When I was six years old I was interned, with the rest of my family, in a Japanese prisoner of war camp (1942 - 1945). Having experienced its horrors so closely, I am still fascinated by the war. And the older I become, the more I ponder its lessons. Recently I read again a detailed account of the battle of Stalingrad in 1942. It interested me all the more because one of my missionary colleagues in India, Fr. Othmar Reusch, had fought at Stalingrad. He owed his survival to the fact that a bullet had lodged in his spine and he was sent back to Germany on a supply plane. Most other German soldiers were not so lucky.
On the 22nd of November 1942 the 260,000 German troops in Stalingrad were surrounded by overwhelming Russian forces. They lacked food, ammunition and equipment. Their only salvation lay in breaking out from the encirclement, and retreat. But Hitler strictly forbade it, sending a radio message that “everyone should fight till the last man”. General Friedrich Paulus, the overall German commander at Stalingrad, knew it was a lost cause. What about the people under his command? The famous General Erich von Manstein, who was leading a neighbouring army, advised Paulus to ignore Hitler and break out. Paulus did not. He could not bring himself to oppose authority. Six weeks later, on 30 January 1943, only 90,000 Germans had survived the carnage. Hitler repeated his orders, but Paulus surrendered. All the remaining German troops went into Siberian captivity from which few returned.
This was not an isolated case. It was the general picture of the end of the war for Germany. German military leaders by that time realised they were fighting for a lost cause, and most probably disagreed with Hitler. But with few exceptions they allowed Hitler to fight on till 3 million of their soldiers were killed, till German towns and cities had been totally destroyed by arial bombardments involving 800,000 civilian casualties and till half their country was brutally colonised by Soviet Russia. And I am not even talking of all the victims of German aggression in occupied countries!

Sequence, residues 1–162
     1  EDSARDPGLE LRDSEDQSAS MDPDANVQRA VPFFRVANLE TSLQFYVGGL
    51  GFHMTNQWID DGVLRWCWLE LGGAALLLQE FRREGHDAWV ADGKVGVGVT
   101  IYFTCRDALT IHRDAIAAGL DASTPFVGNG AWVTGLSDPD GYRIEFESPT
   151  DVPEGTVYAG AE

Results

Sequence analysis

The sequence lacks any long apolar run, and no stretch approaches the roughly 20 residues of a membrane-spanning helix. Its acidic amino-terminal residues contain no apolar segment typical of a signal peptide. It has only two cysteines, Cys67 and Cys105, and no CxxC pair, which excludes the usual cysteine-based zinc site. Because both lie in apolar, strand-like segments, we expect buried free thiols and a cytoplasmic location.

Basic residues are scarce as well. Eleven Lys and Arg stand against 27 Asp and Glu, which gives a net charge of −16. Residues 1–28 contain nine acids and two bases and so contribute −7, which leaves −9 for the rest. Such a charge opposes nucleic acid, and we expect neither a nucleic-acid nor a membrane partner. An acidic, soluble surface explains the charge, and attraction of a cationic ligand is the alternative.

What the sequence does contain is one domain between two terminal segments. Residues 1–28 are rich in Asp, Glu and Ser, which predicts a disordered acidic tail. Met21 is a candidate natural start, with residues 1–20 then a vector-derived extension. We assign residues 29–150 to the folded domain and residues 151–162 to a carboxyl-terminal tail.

I have many German friends and I esteem them highly. I do not believe this was a typically German phenomenon. I think that we see, in a living parable, what happens when systems with powerful authority structures take over. The Japanese were in a similar predicament, but they were eventually saved when Emperor Hirohito personally intervened on the 10th of August 1945, ordering his Supreme War Council to accept unconditional surrender. It saved the mainland of Japan from devastation, and, incidentally also saved my own life. I was seriously ill and our camp doctor told me later that I would certainly have died if the war had lasted another month.
Now all this seems dramatic language and the comparison to the Nazi war machine or Japanese Banzai militarism may seem totally inappropriate. I highly respect the Holy Father and his assistants. I do not want for a minute to imply that, as persons, they resemble Hitler and his staff. I am just following the example of Jesus himself who drew valuable lessons from observing ‘the children of this world’. And while the Pope is no doubt utterly sincere in pursuing what he believes to be the right course, he does resemble Hitler in the absoluteness of power. Hitler claimed the right over life and death of his citizens. The Pope has an even greater power for he holds spiritual authority over the faithful. “Do not fear those who can kill the body, but cannot kill the soul”, Jesus said. Where there is authority, even if it is spiritual authority, the dangers of suppressing legitimate dissent, promoting a culture of misplaced docile acquiescence among subordinates, ruling by decree rather than by consultation, defending mistaken decisions for the sake of not seeming to lose face, in short: ‘of stifling the Spirit’ are real.
The need of reform in the Catholic Church does not limit itself to the question of women’s ordination. Other important issues are outstanding, such as the ban on artificial contraception; the maintenance of obligatory celibacy for clergy in the Latin rite; the role of the laity in Church administration and in the pastoral apostolate; the legitimate authority of bishops’ conferences; ecumenism; dialogue with other religions, recognition for homosexuals, to mention just a few. In all these areas Roman leadership is trying to hold the Church back from fresh approaches. This has led to a crisis about papal authority itself, about its justification as well as about the way it is being exercised.